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9

Cold Takes: The Fun Facts of 1984
by
Patrick Dubuque

11-01

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Cold Takes: The Gray Area
by
Patrick Dubuque

10-24

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Cold Takes: In Defense of the Playoffs
by
Patrick Dubuque

10-17

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Cold Takes: The October Heroes
by
Patrick Dubuque

10-03

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Cold Takes: Mine! Pitchers, Pop Ups, and Pride
by
Patrick Dubuque

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A collection of poems of celebration, and an online auction one would rather never see.

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Exploring the last stop for Denton True Young, and looking at the advanced statistics of some of your syndicated television viewing options.

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Should pitchers be going up the ladder on low-power hitters or is that a danger zone?

The game of baseball moves like ivy, spreading upwards and outwards toward opportunity, consistent and chaotic. There are times in this growth where it tangles with itself, spins into contradictions. For years it drove managers to madness when their pitchers walked batters, and yet the batters themselves were encouraged by the same coaches to put the ball in play, show enough courage to take the bat off the shoulder. That seeming inequality grew as a consequence of a different priority, the valor of the productive out, available to the hitter and not his opponent.

As the culture of the game slowly grew to accept the walk and its benefits, another bias lingered: the idea that ground balls were beneficial to pitchers, while opposing hitters were often taught to swing downward on the ball and achieve that exact same result. The same cultural preference, of the ball in play (especially that vaunted achievement, the grounder to the right side with the runner on second), also promoted this strangely inconsistent set of philosophies. But batted-ball data and research has proven the benefits of not only swinging for line drives, but even putting the ball in the air compared to the grounder so long thought superior.

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April 14, 2017 6:00 am

Transaction Analysis: Franklin and Stash

0

Bryan Grosnick and Patrick Dubuque

Nick Franklin keeps trying to live up to the hype, Desmond Jennings gives the Mets more outfield depth, and Edwin Jackson joins yet another organization.

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It's important to think about John Burkett at least once every 15 years.

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Bryce Harper is up to no good, Russ Stephans is up to neither bad nor good, and the Mariners and Angels are up to both at the same time.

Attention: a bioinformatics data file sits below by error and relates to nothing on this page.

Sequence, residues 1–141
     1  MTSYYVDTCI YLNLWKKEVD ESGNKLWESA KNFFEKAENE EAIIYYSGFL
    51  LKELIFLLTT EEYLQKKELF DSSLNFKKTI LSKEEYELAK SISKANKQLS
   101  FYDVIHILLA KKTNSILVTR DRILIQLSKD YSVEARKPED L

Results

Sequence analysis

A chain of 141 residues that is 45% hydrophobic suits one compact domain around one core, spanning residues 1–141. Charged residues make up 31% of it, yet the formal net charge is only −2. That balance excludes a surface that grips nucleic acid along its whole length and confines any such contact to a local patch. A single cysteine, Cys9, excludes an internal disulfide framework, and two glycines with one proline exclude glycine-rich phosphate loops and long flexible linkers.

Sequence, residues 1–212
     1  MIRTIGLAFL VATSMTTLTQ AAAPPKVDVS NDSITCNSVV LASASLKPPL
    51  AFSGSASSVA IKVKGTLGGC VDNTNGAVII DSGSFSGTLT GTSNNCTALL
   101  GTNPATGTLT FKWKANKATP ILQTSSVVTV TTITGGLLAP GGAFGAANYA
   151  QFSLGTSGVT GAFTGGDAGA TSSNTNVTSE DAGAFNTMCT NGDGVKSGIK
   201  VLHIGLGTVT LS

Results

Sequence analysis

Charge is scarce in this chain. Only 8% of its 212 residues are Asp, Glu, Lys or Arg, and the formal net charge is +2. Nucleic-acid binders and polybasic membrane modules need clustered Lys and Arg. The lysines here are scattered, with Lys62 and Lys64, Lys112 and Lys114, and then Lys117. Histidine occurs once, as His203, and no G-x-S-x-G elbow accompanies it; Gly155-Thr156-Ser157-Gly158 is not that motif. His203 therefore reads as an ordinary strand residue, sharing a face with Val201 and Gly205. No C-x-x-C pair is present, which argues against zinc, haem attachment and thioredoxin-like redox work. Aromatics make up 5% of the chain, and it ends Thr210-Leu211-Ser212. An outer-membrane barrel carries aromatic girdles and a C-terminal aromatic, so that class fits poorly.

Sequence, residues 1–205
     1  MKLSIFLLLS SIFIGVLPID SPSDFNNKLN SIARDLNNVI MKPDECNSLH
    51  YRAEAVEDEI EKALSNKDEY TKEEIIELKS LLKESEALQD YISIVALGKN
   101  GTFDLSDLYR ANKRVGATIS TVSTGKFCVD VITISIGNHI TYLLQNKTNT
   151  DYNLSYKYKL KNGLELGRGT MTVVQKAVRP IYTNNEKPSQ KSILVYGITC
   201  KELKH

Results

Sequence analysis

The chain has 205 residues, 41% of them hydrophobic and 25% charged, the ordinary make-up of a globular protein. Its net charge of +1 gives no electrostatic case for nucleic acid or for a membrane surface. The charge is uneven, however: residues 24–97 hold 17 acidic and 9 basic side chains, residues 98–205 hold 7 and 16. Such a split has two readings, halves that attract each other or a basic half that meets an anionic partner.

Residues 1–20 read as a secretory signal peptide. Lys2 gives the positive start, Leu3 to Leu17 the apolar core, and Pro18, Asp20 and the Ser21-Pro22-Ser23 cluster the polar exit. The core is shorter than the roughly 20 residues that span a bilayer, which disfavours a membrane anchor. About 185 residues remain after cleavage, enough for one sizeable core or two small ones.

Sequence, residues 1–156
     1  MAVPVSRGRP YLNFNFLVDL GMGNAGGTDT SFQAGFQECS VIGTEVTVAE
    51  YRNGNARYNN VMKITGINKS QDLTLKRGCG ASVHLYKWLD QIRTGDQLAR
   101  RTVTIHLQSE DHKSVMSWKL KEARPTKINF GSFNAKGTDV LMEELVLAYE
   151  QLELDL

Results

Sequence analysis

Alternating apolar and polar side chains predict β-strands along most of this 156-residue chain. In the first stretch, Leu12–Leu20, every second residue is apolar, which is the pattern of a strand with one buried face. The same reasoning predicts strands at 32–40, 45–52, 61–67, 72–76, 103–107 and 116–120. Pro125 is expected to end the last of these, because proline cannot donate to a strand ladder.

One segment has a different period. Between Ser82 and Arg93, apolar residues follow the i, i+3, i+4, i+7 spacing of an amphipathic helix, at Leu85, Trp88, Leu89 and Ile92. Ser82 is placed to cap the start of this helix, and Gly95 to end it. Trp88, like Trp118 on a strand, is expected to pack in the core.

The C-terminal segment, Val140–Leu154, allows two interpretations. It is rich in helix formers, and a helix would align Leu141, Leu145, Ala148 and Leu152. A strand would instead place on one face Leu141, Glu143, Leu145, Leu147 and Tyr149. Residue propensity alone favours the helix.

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What would Coors be like at other altitudes? What does the Bambino have on Statcast, and Taylor Motter in 2-D.

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Nietzsche could learn something about baseball.

It’s here. The time has come for baseball, for the poets to hunt for beauty in the chloroplasts of blades of outfield grass, for the drunken bravado of the common fan to look at the empty standings and cash in future dreams. Opening Day is that perfect moment between the too-long spring and the too-long summer, the breath right before the orchestra plays. Every moment can be like this if we want to be, but Opening Day is the one when it is.

It’s also the final moment when every team is tied for first place, chances still equal, even though they really aren’t. Everyone knows who the favorites are, to some degree, thanks to the projection systems, talent evaluation tools, and previous experience. These notions are hardly new; power rankings are as old as experts, then fortified by the leanings of Vegas, then the analysis of early fantasy scribes.

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Zack discuss a shortstop's majsty, Martin finds a scorecard link to his past, and Patrick gets depressing.

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James breaks out the crack analysis to break down your manager ejection fantasy draft, Nathan smirks along with Chase Utley, and Patrick creates an an identity crisis.

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There are two sides to every two-way player.

In one of the more pressing baseball debates of today, Meg Rowley and Patrick Dubuque present a point-counterpoint on Christian Bethancourt and fun.

Meg:

I hold what I imagine to be a minority opinion: I suspect that Christian Bethancourt being a so-so two-way player will be less fun than him being a mediocre position player who occasionally pitches. Not that it won’t be cool that he’s trying; just less fun.

Position players pitching is perfect. It’s the rare baseball moment when every possible outcome is good. We’ve removed stakes, and absent the potential to alter how the game ends, it can only change how the game feels. It’s like staring at one of those Magic Eye 3D posters: amid what was chaos, an image of healing comes into focus, sketched out in pitcher form.

Imagine our guy fails; that’s easy, we assumed he would. We’re granted permission to enjoy his failure, to find notes of humor and self-awareness because what he’s really doing is performing a service. This is an act of care disguised as embarrassment. There is no winning in these moments, which also means there is no losing. The losing has already been done. Position players pitched 22.1 innings in 2016; they allowed 14 earned runs. Some of those were probably the result of indifferent defense, but I couldn’t be bothered to investigate which ones. Who cares?

Two different teams threw Erik Kratz out there. We’re working with different standards of success. We look on these performances and revel in the fact that they contain all the components of throwing a baseball. Our guy got the ball to the catcher’s mitt (when he doesn’t it’s funnier), and got his outs (exect when they don’t and smile knowingly), and if he gave up a few runs along the way (he often will), well, that’s part of pitching, too. Only his job isn’t to pitch, so we don’t have to be mad about it.

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A discussion of a forgotten set of 1989 baseball cards that contained audio recordings, and the their secrets.